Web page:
The thorny issue of freedom camping is again before the community, as Auckland Council releases its latest draft Freedom Camping in Vehicles bylaw.
This proposal has two key differences from the one that was thrown out by Council in 2019 after a controversial process that ended in a legal challenge.
While the new proposal has more teeth to exclude campers from reserves, it offers few other restrictions and opens up roads for freedom camping. This has been done to ensure there are freedom camping options, as required under the overarching Freedom Camping Act.
On the Hibiscus Coast, most freedom camping issues occur on reserves – especially by the beach. The latest draft bylaw excludes freedom camping from all public reserves, relying on the fact that it is already prohibited there under the Reserves Act. In the past, this was often flouted. However, changes to the Reserves Act in September 2019 brought in $800 fines for breaches.
Locally, apart from restrictions on the Hammerhead at Gulf Harbour and a full prohibition at Metro Park East in Millwater (which is not classified as a reserve) the draft allows freedom camping on most roads and other areas, as long as it’s in a self-contained vehicle and the stay is for no more than two nights. Campers must not return to the same area within a two-week period.
At the Hammerhead, the proposal is for a maximum of 10 campervans within a defined area. The Hibiscus and Bays Local Board wants to double that number, but only in the area that campervans currently use, in the seaward carpark off Laurie Southwick Parade.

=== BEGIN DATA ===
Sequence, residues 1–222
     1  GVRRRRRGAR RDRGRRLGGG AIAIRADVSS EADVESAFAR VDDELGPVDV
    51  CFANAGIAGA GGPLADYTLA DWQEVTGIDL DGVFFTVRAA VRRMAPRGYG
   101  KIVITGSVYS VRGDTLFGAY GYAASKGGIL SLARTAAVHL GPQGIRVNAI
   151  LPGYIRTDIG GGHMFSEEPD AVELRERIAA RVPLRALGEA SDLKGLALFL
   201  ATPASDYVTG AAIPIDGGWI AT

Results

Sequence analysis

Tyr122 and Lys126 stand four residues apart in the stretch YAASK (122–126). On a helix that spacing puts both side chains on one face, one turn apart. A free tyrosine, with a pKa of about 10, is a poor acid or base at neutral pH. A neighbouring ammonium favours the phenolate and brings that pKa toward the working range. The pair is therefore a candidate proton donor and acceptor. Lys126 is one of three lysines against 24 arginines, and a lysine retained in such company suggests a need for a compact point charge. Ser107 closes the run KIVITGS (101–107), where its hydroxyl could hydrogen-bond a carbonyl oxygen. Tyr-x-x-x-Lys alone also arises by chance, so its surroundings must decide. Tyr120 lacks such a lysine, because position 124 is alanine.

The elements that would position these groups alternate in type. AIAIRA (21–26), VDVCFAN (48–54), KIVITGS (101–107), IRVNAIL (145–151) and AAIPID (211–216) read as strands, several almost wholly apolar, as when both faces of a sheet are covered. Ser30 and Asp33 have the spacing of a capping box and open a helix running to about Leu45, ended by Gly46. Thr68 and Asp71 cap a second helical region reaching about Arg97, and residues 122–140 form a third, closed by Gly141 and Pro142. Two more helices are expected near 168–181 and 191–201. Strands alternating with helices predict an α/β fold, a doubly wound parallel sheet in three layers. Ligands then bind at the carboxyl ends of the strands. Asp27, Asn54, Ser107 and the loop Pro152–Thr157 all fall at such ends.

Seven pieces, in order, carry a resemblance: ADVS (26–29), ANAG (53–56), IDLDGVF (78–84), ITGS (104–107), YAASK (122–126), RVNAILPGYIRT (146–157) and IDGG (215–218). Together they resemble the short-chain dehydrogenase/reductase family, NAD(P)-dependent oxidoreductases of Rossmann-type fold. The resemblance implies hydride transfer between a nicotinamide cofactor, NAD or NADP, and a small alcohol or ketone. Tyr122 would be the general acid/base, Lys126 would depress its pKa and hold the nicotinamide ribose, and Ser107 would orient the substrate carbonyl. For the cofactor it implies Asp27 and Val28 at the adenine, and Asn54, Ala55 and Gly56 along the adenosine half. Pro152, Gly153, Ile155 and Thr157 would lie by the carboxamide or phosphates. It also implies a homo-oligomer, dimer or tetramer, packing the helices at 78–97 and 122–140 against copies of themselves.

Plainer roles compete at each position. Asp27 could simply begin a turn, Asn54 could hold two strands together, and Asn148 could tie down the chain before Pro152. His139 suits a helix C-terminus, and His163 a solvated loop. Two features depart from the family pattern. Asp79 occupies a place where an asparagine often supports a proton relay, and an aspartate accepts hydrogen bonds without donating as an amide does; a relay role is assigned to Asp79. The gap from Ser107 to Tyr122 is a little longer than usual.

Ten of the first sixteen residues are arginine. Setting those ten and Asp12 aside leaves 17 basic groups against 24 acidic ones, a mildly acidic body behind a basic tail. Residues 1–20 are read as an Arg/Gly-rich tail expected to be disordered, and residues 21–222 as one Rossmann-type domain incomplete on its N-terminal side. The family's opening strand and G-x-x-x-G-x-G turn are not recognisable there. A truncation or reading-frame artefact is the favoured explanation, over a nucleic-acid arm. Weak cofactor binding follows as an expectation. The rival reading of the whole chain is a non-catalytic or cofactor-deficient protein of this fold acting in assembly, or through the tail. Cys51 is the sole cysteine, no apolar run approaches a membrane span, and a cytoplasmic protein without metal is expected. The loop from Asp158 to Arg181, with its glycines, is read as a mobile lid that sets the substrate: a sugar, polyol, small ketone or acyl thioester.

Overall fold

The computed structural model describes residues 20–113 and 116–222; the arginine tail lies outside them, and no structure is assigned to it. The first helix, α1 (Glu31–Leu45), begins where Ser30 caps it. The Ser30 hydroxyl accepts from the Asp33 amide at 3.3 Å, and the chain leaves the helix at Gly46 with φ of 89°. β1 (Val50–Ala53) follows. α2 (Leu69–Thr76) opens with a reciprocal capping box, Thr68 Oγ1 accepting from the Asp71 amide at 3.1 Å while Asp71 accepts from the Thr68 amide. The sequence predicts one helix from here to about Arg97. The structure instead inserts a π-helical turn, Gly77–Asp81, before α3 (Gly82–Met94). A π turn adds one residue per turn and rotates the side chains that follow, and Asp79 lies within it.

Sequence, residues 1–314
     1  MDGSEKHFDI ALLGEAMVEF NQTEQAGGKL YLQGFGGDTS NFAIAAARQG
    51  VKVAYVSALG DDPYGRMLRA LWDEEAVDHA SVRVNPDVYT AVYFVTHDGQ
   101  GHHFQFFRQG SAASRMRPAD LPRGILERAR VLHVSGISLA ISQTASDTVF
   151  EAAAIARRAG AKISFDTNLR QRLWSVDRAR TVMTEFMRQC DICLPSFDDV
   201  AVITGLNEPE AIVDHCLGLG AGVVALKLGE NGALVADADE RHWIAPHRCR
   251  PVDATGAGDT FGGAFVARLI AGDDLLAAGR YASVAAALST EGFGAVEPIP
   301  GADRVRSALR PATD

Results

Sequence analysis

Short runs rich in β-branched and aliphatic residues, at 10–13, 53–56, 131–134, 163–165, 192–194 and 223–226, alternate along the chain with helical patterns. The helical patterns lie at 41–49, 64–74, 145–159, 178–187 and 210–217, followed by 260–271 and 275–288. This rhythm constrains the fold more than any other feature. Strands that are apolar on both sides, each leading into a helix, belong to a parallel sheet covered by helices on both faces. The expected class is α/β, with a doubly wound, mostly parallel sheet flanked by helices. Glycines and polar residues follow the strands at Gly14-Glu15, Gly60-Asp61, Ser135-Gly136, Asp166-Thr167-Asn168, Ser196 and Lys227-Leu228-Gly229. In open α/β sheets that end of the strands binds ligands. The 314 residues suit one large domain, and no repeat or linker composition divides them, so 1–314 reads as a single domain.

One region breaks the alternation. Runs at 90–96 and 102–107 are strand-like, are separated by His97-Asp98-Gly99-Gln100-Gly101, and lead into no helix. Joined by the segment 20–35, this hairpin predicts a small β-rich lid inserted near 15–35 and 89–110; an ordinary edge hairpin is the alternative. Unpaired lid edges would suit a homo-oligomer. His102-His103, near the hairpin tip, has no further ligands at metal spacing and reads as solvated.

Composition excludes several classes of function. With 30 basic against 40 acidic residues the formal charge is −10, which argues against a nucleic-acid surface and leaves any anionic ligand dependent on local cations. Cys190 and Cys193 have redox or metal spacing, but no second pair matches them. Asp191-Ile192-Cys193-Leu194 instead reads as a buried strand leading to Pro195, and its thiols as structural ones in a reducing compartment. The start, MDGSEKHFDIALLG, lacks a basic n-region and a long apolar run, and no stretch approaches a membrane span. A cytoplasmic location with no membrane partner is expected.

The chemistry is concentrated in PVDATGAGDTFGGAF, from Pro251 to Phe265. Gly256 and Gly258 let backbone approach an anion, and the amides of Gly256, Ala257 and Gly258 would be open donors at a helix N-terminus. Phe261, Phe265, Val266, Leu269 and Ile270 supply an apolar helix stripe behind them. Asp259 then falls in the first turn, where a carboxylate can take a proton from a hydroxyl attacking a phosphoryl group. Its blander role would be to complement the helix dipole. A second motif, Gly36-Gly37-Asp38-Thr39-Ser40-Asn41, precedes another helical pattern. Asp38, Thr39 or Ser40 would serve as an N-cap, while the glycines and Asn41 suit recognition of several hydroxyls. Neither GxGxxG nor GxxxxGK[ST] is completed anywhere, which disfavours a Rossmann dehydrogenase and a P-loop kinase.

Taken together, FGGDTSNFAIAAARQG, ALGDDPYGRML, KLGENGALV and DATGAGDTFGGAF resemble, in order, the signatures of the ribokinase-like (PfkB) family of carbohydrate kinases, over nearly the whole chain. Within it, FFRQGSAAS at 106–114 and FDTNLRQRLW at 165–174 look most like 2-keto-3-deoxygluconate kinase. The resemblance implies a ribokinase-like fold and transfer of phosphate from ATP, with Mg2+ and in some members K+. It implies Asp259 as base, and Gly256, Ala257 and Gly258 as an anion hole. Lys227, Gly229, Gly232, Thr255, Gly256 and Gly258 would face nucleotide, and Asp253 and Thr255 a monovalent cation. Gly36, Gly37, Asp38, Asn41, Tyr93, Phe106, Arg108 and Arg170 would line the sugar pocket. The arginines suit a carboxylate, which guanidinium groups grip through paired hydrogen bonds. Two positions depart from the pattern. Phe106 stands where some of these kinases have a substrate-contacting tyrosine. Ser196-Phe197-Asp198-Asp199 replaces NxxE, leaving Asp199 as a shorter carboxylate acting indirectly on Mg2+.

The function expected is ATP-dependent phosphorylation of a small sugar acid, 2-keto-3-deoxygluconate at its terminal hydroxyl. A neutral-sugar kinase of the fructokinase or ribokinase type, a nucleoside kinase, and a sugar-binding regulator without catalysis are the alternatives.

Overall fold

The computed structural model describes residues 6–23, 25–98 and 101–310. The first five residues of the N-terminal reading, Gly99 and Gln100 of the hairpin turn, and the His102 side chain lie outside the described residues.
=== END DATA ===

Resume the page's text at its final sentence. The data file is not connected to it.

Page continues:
The key concern for the local board is enforcement – members suggested revenue from the $800 fines could go towards this. They also want the restrictions signposted.
Currently the Governing Body is considering increasing investment in bylaw enforcement. Options may include contracting security services (similar to noise control), using mobile printers to print infringement notices, and camera surveillance with remote monitoring.
Councillor John Watson says excluding reserves will hopefully see an end to incidents he observed last summer when large groups camped for weeks on reserves by local beaches.
“This was often accompanied by anti-social behaviour and the commandeering of public facilities,” Cr Watson says.
He says there are still issues with allowing self-contained campers to stay in the same road for two nights. “Given that Council has to comply with the [Freedom Camping] Act but has limited compliance resources, that should be reduced to one night so there’s no doubt over the duration of stay,” he says.
Before lockdown, Council staff were scheduled to present a final proposal to the Governing Body on September 23, followed by public consultation.